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Canvas and Sash – A Meet at the Met

Impressionism, Fashion, and Modernity, The Metropolitan Museum of Art, Feb 26-May 27, 2013  — At first glance Impressionism, Fashion, and Modernity, on view at the MET through May 27th, looks less interesting than it actually is. Just in case a large-scale exhibition of great Impressionist paintings doesn’t pander enough to the tastes of the general art going public, this exhibition pairs Impressionist painting with the actual gowns and accessories worn by their sitters. What could possibly be more appealing than a show that brings together the great lifestyle portraitists of the late 19th century and the bourgeoning reputation of modern Parisian fashion? While it sounds like a vacuous blockbuster, Impressionism, Fashion, and Modernity … [Read more...]

17 Days in Southeast Asia: The Roar of Saigon

I’m used to the bustling, frenetic movement of New York City. I’m familiar with all the New Yorker’s lost in their ever-shrinking, individual worlds, even while they’re surrounded by a thronging mass of people. It’s a city where personal space is malleable but somehow maintained. The breakneck pace of NYC, however, is more of a mindset than anything else. The city is only dangerous, toxic or unsustainable for people who don’t actively choose to mentally participate in the frenzied multi-tasking necessary to live here. Saigon, by contrast, audibly rumbles. Like all those earthquakes I knew well as a child growing up on the west coast, Saigon perpetually sounds like it’s on the verge of upheaval, and perhaps it is. Flying in from the coast … [Read more...]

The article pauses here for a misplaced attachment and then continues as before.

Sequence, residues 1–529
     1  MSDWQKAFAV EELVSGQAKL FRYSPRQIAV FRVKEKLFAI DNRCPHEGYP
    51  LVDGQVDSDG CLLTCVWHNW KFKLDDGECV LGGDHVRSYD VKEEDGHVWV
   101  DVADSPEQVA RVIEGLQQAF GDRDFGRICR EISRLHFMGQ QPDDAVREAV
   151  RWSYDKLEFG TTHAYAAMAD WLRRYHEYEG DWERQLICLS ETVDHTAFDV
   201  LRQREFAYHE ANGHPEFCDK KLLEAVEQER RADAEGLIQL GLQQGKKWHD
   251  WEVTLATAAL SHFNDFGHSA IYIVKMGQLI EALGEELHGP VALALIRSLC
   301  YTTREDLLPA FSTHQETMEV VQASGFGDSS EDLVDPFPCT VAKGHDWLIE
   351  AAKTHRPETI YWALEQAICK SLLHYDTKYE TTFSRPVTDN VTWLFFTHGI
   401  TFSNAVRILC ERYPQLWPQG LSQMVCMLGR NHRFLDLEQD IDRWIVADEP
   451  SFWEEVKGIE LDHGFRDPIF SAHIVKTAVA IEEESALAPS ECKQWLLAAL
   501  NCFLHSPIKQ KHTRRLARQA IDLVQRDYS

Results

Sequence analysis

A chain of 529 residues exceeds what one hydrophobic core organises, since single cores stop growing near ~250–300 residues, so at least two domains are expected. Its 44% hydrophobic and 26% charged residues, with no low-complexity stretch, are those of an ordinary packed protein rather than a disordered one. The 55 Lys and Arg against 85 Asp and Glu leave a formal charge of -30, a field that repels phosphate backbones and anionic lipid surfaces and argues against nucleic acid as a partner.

17 Days in Southeast Asia

“So, as you are soon heading off to Southeast Asia, what are you expecting? Is making your expectations or prejudices concrete important? Are you looking for the ruptures between what you think versus what you experience? Do you look for something familiar to situate yourself? How will you make comparisons? Will you play the role of tourist or traveler? Is there a chance that you will be disappointed?” –RC-D Undergraduate professor, longtime friend and sometimes-respectable photographer, mailed the above barrage of questions to me on a handmade postcard shortly before I traveled around the world. They are good, provocative questions, but ill timed. I couldn’t fathom then how to answer, not knowing what my “expectations” let alone … [Read more...]

Conceptual Threads

ANN HAMILTON: the event of a thread, Park Avenue Armory, Dec. 5, 2012 -Jan. 6, 2013 I will always remember Ann Hamilton as the keynote speaker at my graduation many years ago. Like most professors, from the vantage point of a student, she seemed larger than life. I remember listening to her intently, waiting to be inspired, until I realized that she wasn’t talking to us but around us, and she was discussing the idea of graduation rather than our graduation. She approached her speech in the same manner that she approaches her artwork: conceptually, not personally. Though it wasn’t the inspired imparting of wisdom I’d hoped it would be, it provided useful insight into the thought process of a smart, complex and obtuse … [Read more...]

The Murder of Crows

Janet Cardiff & George Bures Miller: Drifting Off — Art historians, professors, and artists alike all say that the average amount of time a person spends viewing a work of art is about 10 seconds; I’ve since learned that this is a generous estimate. While I never find art to be particularly boring, even when I don’t like it visually, I vividly remember the first time I was expected to enjoy being bored by art. It was in a color photography class, I was seventeen, and the movie up for discussion was Baraka. Made in 1992, Baraka is a beautiful, non-narrative film by Ron Fricke. It is an arty flick that tries to capture the essence of humanity in an hour and thirty-six minutes of exquisite, time-lapse filmmaking. About half way … [Read more...]